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76418bc @mike-burns The unobtrusive presenter pattern for Rails.
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1 Liaison
2 =======
3
4 A Rails presenter class.
5
ffbfe89 @mike-burns Link to the raw docs instead of the versioned files. Less chrome.
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6 Experienced devs will be interested in the [NEWS](https://raw.github.com/mike-burns/liaison/master/NEWS), [ChangeLog](https://raw.github.com/mike-burns/liaison/master/ChangeLog), and [reference documentation](http://rubydoc.info/gems/liaison/0.0.2/frames).
323fa01 @mike-burns Link to the NEWS, ChangeLog, and Ruby docs at the top of the docs. Menti...
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7
2c918c8 @mike-burns Expand the README with a 'how to use this' section.
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8 How to Use Liaison
9 ------------------
10
11 Add this to your `Gemfile`:
12
13 gem 'liaison'
14
15 Then run the bundler installer:
16
17 bundle
18
19 You instantiate `Presenter` classes in your controllers, setting them as instance variables so they can be passed to the views. The `Presenter` class takes the model name as a string (`sign_up`, for example) then a hash of options. Currently supported options are `:fields`, a list of attributes on the presenter (`[:email, :password]`); and `:validator`, a class that knows how to validate the data (`SignUpValidator`).
20
21 An instance of the `Presenter` object is Hash-like: it implements the `Enumerable` module, which means it has an `#each` method among many others; it also has a `#[]` method, which you can use to access values just like with the CGI `params` hash.
22
23 The business logic classes (`SignUp` in the below example) live under `app/models` and are tested as normal, except instead of requiring `spec_helper` they can likely require just `rspec`.
24
25 Validator classes (`SignUpValidator` in the below example) live under `lib` and must either descend from `ActiveModel::Validator` or implement the same interface (`.kind`, `#kind`, `#validate` that takes a record, and a constructor that takes a hash of options). They are also unit tested like normal and can likely get away with just requiring `rspec` instead of `spec_helper`. Sadly, in order to hook into the `ActiveModel::Validations` framework, you must pass the validator class itself instead of an object (`SignUpValidator` vs `SignUpValidator.new`).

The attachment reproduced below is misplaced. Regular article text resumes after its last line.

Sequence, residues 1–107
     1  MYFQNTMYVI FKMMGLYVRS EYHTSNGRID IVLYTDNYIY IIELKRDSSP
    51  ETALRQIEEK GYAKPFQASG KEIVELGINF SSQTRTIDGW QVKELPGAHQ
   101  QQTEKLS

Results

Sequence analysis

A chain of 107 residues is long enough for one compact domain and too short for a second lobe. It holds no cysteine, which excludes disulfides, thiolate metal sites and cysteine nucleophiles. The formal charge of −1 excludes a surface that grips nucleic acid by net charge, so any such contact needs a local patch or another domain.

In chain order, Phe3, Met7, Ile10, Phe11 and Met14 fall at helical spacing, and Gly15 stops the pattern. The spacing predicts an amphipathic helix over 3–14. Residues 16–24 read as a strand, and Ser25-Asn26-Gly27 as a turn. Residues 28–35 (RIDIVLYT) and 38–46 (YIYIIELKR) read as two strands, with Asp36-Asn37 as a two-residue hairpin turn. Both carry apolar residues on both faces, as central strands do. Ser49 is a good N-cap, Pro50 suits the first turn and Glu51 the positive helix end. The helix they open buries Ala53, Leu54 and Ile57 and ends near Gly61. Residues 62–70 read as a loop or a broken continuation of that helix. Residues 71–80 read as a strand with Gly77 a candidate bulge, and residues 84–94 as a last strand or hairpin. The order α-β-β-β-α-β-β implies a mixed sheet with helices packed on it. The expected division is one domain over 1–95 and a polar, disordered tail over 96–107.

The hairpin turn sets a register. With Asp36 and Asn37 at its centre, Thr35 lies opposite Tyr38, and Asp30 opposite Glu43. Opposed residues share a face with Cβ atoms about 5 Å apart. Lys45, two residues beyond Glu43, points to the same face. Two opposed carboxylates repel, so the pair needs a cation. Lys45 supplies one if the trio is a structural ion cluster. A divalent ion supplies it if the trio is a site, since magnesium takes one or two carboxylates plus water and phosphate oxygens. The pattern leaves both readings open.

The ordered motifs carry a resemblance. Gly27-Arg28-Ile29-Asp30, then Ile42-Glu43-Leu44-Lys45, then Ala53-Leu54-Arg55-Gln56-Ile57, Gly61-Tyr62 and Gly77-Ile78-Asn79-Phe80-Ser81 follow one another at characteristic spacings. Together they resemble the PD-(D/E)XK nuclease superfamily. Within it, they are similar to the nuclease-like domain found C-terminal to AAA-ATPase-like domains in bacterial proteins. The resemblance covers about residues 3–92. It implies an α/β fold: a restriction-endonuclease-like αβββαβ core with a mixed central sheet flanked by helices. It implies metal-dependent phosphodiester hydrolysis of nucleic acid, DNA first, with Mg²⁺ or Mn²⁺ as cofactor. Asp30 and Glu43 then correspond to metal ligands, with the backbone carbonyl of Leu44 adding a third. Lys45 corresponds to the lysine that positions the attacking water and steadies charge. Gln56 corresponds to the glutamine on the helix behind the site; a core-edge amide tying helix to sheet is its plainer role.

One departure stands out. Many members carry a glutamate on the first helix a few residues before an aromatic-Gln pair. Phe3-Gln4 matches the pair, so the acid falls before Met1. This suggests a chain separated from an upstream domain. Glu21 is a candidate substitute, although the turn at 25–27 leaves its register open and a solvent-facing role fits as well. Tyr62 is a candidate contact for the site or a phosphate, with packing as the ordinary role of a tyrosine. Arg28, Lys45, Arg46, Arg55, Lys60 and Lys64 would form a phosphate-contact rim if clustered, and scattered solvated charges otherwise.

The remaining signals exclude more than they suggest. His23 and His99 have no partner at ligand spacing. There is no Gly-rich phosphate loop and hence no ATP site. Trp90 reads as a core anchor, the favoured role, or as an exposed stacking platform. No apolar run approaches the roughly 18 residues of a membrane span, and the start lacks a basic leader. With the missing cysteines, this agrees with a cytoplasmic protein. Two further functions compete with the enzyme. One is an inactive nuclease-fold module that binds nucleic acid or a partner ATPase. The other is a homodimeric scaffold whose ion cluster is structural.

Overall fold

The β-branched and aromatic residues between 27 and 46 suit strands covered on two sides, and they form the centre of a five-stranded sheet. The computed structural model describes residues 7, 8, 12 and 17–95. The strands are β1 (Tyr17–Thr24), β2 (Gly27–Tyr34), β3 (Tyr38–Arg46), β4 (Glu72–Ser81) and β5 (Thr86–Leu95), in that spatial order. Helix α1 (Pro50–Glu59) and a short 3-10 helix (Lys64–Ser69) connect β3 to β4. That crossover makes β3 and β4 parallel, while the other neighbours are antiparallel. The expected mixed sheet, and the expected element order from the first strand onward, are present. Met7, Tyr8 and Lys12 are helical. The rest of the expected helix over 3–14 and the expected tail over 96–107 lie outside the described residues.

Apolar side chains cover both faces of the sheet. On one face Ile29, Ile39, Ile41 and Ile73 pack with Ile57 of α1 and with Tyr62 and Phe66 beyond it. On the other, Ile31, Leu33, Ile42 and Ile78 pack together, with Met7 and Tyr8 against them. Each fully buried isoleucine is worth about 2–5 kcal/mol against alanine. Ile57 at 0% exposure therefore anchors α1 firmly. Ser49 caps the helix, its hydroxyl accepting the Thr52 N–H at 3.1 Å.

26
a657198 @mattgillooly Typo fix.
mattgillooly authored
27 Tutorial and Thought Process
2c918c8 @mike-burns Expand the README with a 'how to use this' section.
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28 ----------------------------
29
76418bc @mike-burns The unobtrusive presenter pattern for Rails.
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30 A major idea of [the presenter pattern](http://blog.jayfields.com/2007/03/rails-presenter-pattern.html) is to break off the business logic from the view object, letting the view logic be a dumb instance that knows how to get, set, and validate values. The business logic can then query the presenter object for the values as needed.
31
32 Look, here's an example business object:
33
34 class SignUp
35 attr_reader :user
36
37 def initialize(presenter, account_builder = Account)
38 @email = presenter[:email]
39 @password = presenter[:password]
40 @account_name = presenter[:account_name]
41
42 @presenter = presenter
43 @account_builder = account_builder
44 end
45
46 def save
47 if presenter.valid?
48 account = account_builder.new(:name => account_name)
49 @user = account.users.build(:email => email, :password => password)
50 account.save.tap do |succeeded|
51 presenter.add_errors(account.errors) unless succeeded
52 end
53 end
54 end
55
56 protected
57
58 attr_accessor :email, :password, :account_name, :account_builder, :presenter
59 end
60
61 It's just a class, which you can unit test as you please. A presenter object is passed in, then we pull the values out, make sure it's valid, and add errors to it as needed. This class does not deal directly with validations, state, or any of the ActiveModel nonsense.
62
63 Now you need to know how to use a `Presenter` object, so this is what the controller looks like: